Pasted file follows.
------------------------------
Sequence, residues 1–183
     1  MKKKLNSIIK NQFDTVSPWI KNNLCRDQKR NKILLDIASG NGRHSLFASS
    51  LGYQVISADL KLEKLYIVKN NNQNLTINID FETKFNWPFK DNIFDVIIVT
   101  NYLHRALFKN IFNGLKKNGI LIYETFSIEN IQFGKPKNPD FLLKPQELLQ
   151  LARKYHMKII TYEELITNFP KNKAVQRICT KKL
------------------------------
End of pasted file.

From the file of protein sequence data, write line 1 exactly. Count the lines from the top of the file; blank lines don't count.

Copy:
Sequence, residues 1–183